You may have posted this elsewhere, but have you sought any advice from the uni careers service on your applications. Perhaps your job search could be targetted differently, or your CV tweaked in some way? They may also have some thoughts on interim paths that you might not have considered.
Fled, thanks for your comments.
And HazyJane, thanks also (I'm not sure if you were responding to the original post, my post, or perhaps both; in any case, your observations seen relevant to my situation).
My circumstances are quite complicated, as I have responsibilities as a carer that would prohibit any move. If I was offered teaching work in another part of the UK, or indeed abroad, I'd have to regretfully decline. Because I'm limited to job hunting in cities within commutable distance, the odds of landing a full time (or even part time) academic position are even less favourable. To add to this difficulty, I'm also a relatively mature student. I'd dearly like to live in my own house again. This becomes impossible if I'm on a temporary contract, as there's no way I'd be offered a mortgage.
At the same time, it'll be tough to sell my humanities PhD to non-academic employers, even if I emphasise prior work experience and transferable skills.
I think I need to take things one step at a time. Finish minor corrections first (I'm nearly there!) and make big decisions once I've cleared the decks and can give them my full attention.
MoC, any progress or further thoughts from your end?
I can only echo what other people have said before - you are most defnitely not alone. The only thing I can say is that if you really feel academia/your phd is not for you, quite now rather than sticking with it. I am saying this because I am in a similar predicament - I realized early on in my funded studentship that I was neither interested in nor suited to the project I took on, I felt ostracized at the office and generally miserable. The difficult thing is, everyone tells you to just stick with it, rough patch, what not. I made the mistake of listening - 3 years later, my funding runs out tomorrow, and although I have managed to even publish some stuff, there is just no way I can get a thesis written/pass a viva.
Also, bear in mind that a PhD will only really help you if you want a career in academia - and you can only really have a career in academia if you feel 'vocational' about it, as in, you just would never be happy doing anything else and you are willing to do anything to get there.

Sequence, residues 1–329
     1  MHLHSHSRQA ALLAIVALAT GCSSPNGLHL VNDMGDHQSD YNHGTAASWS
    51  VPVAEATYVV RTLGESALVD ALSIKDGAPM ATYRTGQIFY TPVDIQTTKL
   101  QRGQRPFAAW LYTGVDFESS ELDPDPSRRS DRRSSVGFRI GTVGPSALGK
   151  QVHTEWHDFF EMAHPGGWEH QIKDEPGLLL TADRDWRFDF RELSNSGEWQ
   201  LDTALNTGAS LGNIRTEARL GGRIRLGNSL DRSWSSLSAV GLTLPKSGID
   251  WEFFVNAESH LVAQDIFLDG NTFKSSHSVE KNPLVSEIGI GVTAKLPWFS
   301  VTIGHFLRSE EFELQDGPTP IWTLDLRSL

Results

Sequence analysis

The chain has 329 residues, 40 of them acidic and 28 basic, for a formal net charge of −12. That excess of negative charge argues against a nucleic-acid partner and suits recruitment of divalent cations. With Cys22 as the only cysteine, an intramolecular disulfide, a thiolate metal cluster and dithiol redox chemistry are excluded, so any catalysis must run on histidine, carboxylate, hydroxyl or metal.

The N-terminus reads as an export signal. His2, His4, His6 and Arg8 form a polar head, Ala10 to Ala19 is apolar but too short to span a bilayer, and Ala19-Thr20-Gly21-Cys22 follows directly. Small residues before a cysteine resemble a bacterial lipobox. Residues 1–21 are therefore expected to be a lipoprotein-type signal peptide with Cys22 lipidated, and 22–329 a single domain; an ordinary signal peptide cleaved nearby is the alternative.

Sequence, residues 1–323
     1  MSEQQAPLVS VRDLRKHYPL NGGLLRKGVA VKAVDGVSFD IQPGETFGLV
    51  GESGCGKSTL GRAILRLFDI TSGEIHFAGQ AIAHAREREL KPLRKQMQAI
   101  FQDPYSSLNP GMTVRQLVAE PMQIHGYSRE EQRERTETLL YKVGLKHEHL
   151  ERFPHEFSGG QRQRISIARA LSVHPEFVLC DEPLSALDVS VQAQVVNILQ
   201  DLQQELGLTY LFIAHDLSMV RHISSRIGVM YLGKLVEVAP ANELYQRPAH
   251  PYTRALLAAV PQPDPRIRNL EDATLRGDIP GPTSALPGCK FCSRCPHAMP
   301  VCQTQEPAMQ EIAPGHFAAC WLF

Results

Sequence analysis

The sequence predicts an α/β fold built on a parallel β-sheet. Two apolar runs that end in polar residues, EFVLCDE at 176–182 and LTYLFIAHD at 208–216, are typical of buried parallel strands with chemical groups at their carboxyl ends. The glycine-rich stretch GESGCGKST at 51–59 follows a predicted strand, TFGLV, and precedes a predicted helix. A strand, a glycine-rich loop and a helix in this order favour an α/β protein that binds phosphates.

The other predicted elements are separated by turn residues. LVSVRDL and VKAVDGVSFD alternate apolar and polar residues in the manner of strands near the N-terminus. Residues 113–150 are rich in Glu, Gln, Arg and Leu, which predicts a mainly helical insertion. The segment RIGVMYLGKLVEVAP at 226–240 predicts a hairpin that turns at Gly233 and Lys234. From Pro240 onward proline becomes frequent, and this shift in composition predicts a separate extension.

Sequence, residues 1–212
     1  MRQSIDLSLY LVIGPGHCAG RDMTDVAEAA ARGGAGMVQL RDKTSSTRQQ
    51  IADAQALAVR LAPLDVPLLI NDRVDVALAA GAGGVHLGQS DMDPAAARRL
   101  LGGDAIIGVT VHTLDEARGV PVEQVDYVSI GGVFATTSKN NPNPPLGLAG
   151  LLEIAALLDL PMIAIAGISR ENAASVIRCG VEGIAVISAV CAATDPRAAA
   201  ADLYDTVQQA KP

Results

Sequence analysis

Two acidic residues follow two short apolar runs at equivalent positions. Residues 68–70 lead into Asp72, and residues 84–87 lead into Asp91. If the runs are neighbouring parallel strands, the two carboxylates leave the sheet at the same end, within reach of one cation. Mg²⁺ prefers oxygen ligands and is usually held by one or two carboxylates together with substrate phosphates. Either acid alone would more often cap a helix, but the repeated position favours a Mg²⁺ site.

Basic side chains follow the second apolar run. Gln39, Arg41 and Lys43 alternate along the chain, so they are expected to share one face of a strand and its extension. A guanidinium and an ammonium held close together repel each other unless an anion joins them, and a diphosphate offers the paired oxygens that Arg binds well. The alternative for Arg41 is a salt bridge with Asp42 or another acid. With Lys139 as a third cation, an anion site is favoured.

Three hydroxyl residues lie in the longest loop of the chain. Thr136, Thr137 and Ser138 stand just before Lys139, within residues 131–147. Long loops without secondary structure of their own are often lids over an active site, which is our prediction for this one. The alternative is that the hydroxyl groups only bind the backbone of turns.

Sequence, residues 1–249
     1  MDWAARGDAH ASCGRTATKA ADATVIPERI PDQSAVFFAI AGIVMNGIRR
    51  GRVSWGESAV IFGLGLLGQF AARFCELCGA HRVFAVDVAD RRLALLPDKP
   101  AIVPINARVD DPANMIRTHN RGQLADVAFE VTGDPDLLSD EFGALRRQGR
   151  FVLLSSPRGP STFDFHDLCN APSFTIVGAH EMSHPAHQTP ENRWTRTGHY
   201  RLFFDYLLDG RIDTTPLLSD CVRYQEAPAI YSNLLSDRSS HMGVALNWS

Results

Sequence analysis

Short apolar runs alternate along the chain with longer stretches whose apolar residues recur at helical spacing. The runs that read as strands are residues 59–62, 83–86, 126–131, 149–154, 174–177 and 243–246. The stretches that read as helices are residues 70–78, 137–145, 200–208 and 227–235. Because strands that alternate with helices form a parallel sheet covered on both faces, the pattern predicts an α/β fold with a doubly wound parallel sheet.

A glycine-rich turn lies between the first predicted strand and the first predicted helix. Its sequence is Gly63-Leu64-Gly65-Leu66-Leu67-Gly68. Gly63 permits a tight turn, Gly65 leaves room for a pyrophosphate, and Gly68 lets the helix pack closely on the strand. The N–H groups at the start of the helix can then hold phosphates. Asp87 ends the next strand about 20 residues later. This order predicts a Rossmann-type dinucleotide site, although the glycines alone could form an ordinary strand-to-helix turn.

as for job interviews, well, that's pretty much standard these days. Even with a PhD, you won't get any more interviews/offers - most employers in industry aren't to keen on PhDs. In terms of experience, well, I actually worked in industry before I did my PhD and did some voluntary work experience while doing the Phd - still, very scarce on the interview/offer front.
So if you are sure you aren't enjoying it, quit now or you'll regret it in 3 years' time.
Surely you're entitled to some sort of benefits if you have no resources of you're own?
Post up in a new thread whatever information you can (without compromising you're privacy, obviously) and someone on here may be able to help you. I know roughly of someone in your situation who did eventually find call centre work and was able at least to pay the bills.
As regards your PhD hindering your job hunting, I've been there too so know only too well who you're going through and I had a science PhD.
I don't know what camp you're in as regards hiding your PhD for non-academic jobs. Some opt to hide in order not to put people off employing them whilst others regard this as gross dishonesty (though this latter view seems to be a cultural thing, especially in N. America). I guess if someone was desperate enough to find employment they might resort to this and I personally wouldn't hold it against them.
Hi folks, sorry for the lateness of my reply ...
HazyJane ... At one point, I was going to book an appointment with the careers service regarding my applications and the possible pathways I could take with my degree(s). The issue here is, I'm already fully aware of my options. I have a BA in Sociology and a MA in Social Research. With these qualifications, most career pathways require further study (i.e., probation officers, counsellors, social workers), a PhD (higher education lecturers), or simply leave me in a position where I just have the "wrong" degree for going into a particular career (i.e., no teaching posts want sociology!). So, I'm a bit screwed. At this stage, my options are fourfold:
(1) Gain another master's (at the cost of another £4,000) in a more vocational area that appeals to me (i.e., such as counselling or social work).